Oecologia

, Volume 158, Issue 4, pp 615–623

Testing the threat-sensitive predator avoidance hypothesis: physiological responses and predator pressure in wild rabbits

  • Raquel Monclús
  • Francisco Palomares
  • Zulima Tablado
  • Ana Martínez-Fontúrbel
  • Rupert Palme
Physiological Ecology - Original Paper

DOI: 10.1007/s00442-008-1201-0

Cite this article as:
Monclús, R., Palomares, F., Tablado, Z. et al. Oecologia (2009) 158: 615. doi:10.1007/s00442-008-1201-0

Abstract

Predation is a strong selective force with both direct and indirect effects on an animal’s fitness. In order to increase the chances of survival, animals have developed different antipredator strategies. However, these strategies have associated costs, so animals should assess their actual risk of predation and shape their antipredator effort accordingly. Under a stressful situation, such as the presence of predators, animals display a physiological stress response that might be proportional to the risk perceived. We tested this hypothesis in wild European rabbits (Oryctolagus cuniculus), subjected to different predator pressures, in Doñana National Park (Spain). We measured the concentrations of fecal corticosterone metabolites (FCM) in 20 rabbit populations. By means of track censuses we obtained indexes of mammalian predator presence for each rabbit population. Other factors that could modify the physiological stress response, such as breeding status, food availability and rabbit density, were also considered. Model selection based on information theory showed that predator pressure was the main factor triggering the glucocorticoid release and that the physiological stress response was positively correlated with the indexes of the presence of mammalian carnivore predators. Other factors, such as food availability and density of rabbits, were considerably less important. We conclude that rabbits are able to assess their actual risk of predation and show a threat-sensitive physiological response.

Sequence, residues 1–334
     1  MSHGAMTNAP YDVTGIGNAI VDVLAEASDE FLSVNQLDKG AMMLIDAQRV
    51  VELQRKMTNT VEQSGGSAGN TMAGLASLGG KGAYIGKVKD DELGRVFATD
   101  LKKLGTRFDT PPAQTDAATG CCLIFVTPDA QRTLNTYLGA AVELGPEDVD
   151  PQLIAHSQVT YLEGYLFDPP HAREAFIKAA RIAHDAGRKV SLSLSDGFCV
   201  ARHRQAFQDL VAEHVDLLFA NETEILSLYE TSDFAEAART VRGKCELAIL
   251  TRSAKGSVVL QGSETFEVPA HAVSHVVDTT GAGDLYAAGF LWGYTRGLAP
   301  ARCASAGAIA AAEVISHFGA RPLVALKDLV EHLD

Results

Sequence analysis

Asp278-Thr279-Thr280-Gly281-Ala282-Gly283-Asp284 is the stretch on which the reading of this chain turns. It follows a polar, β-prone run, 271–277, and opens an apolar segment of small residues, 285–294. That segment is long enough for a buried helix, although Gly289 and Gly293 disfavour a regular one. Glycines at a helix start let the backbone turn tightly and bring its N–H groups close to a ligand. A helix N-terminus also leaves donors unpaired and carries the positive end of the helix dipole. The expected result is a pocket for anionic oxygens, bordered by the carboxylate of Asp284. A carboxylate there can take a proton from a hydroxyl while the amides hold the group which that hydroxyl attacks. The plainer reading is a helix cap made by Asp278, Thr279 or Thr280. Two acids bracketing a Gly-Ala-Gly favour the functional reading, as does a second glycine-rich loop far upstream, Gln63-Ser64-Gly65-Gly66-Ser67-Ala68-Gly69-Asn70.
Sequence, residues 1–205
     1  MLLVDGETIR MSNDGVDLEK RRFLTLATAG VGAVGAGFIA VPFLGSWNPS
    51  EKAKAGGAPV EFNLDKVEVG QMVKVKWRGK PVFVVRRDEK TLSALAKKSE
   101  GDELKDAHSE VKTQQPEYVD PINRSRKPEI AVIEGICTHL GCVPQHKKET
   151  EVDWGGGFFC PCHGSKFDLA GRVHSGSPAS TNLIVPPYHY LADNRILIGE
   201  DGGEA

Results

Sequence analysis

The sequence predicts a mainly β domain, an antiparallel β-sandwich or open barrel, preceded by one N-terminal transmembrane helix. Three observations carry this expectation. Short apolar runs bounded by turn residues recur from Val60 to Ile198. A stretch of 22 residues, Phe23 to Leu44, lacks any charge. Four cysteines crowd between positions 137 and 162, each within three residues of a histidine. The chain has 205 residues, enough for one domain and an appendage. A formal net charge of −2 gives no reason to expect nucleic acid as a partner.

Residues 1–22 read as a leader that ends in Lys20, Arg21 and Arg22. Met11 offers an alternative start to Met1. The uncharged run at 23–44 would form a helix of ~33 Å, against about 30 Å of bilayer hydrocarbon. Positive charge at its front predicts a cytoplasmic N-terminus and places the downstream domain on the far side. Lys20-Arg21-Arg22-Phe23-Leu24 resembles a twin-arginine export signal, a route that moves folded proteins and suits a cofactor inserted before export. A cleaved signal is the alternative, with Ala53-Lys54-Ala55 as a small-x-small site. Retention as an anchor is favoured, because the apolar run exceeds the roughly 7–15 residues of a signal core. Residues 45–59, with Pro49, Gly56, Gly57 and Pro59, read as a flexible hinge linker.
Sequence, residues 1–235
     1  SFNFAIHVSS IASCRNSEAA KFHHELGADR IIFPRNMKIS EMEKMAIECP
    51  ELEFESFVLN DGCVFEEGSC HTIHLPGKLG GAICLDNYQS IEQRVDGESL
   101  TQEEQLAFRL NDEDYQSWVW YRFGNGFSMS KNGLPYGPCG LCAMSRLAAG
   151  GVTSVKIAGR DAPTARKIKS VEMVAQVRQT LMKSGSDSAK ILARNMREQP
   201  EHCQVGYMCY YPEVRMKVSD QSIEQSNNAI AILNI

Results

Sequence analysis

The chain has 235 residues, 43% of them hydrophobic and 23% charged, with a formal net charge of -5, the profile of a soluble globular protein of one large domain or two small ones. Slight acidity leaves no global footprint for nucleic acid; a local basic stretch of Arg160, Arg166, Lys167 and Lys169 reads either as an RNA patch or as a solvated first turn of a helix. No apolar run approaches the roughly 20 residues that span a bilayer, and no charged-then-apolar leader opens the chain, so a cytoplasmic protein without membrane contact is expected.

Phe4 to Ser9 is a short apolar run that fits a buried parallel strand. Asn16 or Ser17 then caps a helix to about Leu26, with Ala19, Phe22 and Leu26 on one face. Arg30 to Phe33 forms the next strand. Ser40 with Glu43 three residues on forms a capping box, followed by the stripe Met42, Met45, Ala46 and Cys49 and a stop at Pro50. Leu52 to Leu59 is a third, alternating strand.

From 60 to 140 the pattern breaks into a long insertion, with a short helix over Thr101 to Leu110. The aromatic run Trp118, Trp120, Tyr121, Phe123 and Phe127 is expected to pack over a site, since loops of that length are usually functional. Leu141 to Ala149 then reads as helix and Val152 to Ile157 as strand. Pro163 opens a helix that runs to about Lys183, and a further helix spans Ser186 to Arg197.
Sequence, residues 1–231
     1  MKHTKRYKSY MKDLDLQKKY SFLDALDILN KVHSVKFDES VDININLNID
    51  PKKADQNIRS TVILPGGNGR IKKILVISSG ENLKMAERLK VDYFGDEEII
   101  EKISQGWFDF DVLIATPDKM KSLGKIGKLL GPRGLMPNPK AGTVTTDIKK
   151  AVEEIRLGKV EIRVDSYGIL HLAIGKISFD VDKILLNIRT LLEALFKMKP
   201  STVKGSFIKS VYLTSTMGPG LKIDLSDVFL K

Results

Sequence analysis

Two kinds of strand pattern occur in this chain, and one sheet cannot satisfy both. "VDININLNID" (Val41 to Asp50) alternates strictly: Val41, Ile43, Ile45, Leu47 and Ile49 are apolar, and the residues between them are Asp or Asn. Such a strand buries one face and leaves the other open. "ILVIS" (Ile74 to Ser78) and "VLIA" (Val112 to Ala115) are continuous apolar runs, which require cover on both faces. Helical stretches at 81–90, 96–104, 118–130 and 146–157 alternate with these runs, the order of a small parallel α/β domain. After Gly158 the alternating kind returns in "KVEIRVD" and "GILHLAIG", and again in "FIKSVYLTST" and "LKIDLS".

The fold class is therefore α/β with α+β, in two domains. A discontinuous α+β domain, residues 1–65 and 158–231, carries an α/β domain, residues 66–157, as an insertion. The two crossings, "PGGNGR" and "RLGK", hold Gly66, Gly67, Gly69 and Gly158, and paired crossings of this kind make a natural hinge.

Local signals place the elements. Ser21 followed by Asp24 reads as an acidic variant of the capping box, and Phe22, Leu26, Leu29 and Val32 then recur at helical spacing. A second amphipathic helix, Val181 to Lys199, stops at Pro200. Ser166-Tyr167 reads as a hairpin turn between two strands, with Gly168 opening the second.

Keywords

Fecal corticosterone metabolites Oryctolagus cuniculus Predator pressure Threat-sensitive predator avoidance hypothesis 

Copyright information

© Springer-Verlag 2008

Authors and Affiliations

  • Raquel Monclús
    • 1
  • Francisco Palomares
    • 2
  • Zulima Tablado
    • 2
  • Ana Martínez-Fontúrbel
    • 2
  • Rupert Palme
    • 3
  1. 1.Departmento de BiologíaUniversidad Autónoma de MadridMadridSpain
  2. 2.Departmant of Conservation BiologyEstación Biológica de Doñana, CSICSevillaSpain
  3. 3.Department of Natural Sciences, Institute of BiochemistryUniversity of Veterinary Medicine of ViennaViennaAustria

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